Havell was an English engraver whose greatest achievement in the field was the folio by John James Audubon, The Birds of America, commenced in 1827 and completed in 1838.1For a concise summary of the history of Audubon’s great achievement, see Owens 1984, n. p. William H. Lizars, the engraver of the first ten plates, was dismissed and replaced by Robert Havell, Sr., and his son. Their partnership was dissolved in 1828, although the senior Havell collaborated on some plates. After his father’s death in 1832, the younger Havell no longer used “Jr.” after his name (Owens, in “A Note on the Engravings”). The success of that series, when exhibited in its entirety, was immediate and immense. Philip Hone, the diarist and art enthusiast, was invited by Audubon to view the prints and drawings at the Lyceum in New York in October, 1839. He wrote, “This is beyond doubt the most magnificent collection on this subject in the world, and ought to be purchased by our government to form the nucleus of a great national museum.”2Nevins 1927, 426.
Robert Havell, who shared in this triumph both financially and in reputation, arrived in New York around the same time as Audubon. Apparently, “Audubon had fired his enthusiasm with glowing accounts of the primitive grandeur and pictorial possibilities of American scenery. . . . He and his wife and their daughter sailed for America in September, 1839.”3Williams 1916, 252. Havell made landscape sketches of the Hudson River Valley, New York City, and other places of interest, that served him as models for his many subsequent engravings.
Havell never returned to England and lived for most of his life on the Hudson, first at Ossining, then at Tarrytown. His homes commanded fine views of the river valley and provided the stimulus for his landscape paintings, many of them panoramas done for his own enjoyment and rarely offered for sale. Some were exhibited at the National Academy of Design and the American Art-Union and some were engraved in aquatint.4Gardner and Feld, 1: 198. Of the two shown at the National Academy, only Falls of Niagara (exhibited 1845, no. 320) might be View of Niagara Falls from the American Shore. The other is called Niagara Falls from the Canada Side (exhibited 1849, number 291) and, although the spectator’s viewpoint in the Department of State’s picture is somewhat equivocal, it does seem to be from the American side.5National Academy of Design Exhibition Record, 217. This is an unusual view of the falls from downriver and from a great height. The American Fall, Goat Island, Terrapin Tower, and the Horseshoe Fall are all seen but at a long distance. The awesome power of the falls is not forced upon the viewer, who is instead made aware of the topography of an entire area, including the vast cataract.6The painting has been singled out as “among the relatively few imaginative visions of the scene produced by a topographical landscapist” in the second quarter of the century. Adamson, 46.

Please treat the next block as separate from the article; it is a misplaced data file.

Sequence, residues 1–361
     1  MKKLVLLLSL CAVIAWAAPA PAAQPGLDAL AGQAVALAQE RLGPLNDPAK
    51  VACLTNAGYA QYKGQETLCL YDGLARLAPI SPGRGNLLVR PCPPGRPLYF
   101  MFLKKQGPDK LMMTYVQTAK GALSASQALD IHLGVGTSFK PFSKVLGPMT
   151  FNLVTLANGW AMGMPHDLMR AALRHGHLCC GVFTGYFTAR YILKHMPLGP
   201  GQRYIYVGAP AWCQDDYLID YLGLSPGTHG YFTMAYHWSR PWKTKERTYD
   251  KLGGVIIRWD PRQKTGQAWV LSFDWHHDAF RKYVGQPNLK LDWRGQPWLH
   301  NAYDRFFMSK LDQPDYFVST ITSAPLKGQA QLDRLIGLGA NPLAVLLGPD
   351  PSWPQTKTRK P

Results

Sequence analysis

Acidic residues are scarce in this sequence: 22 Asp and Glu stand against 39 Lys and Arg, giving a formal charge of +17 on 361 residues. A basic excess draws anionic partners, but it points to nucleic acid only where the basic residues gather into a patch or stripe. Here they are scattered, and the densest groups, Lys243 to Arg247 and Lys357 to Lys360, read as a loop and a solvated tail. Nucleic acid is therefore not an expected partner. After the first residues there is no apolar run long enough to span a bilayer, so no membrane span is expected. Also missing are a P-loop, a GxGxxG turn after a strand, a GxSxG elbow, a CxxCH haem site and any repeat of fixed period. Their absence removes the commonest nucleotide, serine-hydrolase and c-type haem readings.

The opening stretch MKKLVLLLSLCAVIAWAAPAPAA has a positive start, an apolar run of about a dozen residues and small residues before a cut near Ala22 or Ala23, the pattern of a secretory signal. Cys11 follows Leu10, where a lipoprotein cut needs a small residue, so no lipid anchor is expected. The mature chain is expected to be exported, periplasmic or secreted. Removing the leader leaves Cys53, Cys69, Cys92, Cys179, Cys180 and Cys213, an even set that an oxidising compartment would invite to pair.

The painting came to the Collection as being a work by Havell. In the absence of documentation, such as identification requires stylistic comparison with his few signed or accepted works. Two paintings may be cited: View of the Bay and City of New York from Mountain House, Weehawken at the Metropolitan Museum of Art, signed and dated 1840, and West Point from Fort Putnam (location unknown), of which Havell published an engraving in 1848.7The former is reproduced in Gardner and Feld, 199; the latter in Howat, pl. 49. As in View of Niagara Falls, both paintings are panoramic and both have foreground figures who are carefully differentiated by sex, age, costume, and gesture, but only adequately drawn. In all three paintings, the handling of the forested shores may be characterized as somewhat monotonous, with tight little curls of brown and green now further darkened by pigment deterioration.
Excerpted from Clement E. Conger, et al. Treasures of State: Fine and Decorative Arts in the Diplomatic Reception Rooms of the U.S. Department of State. New York: H.N. Abrams, 1991.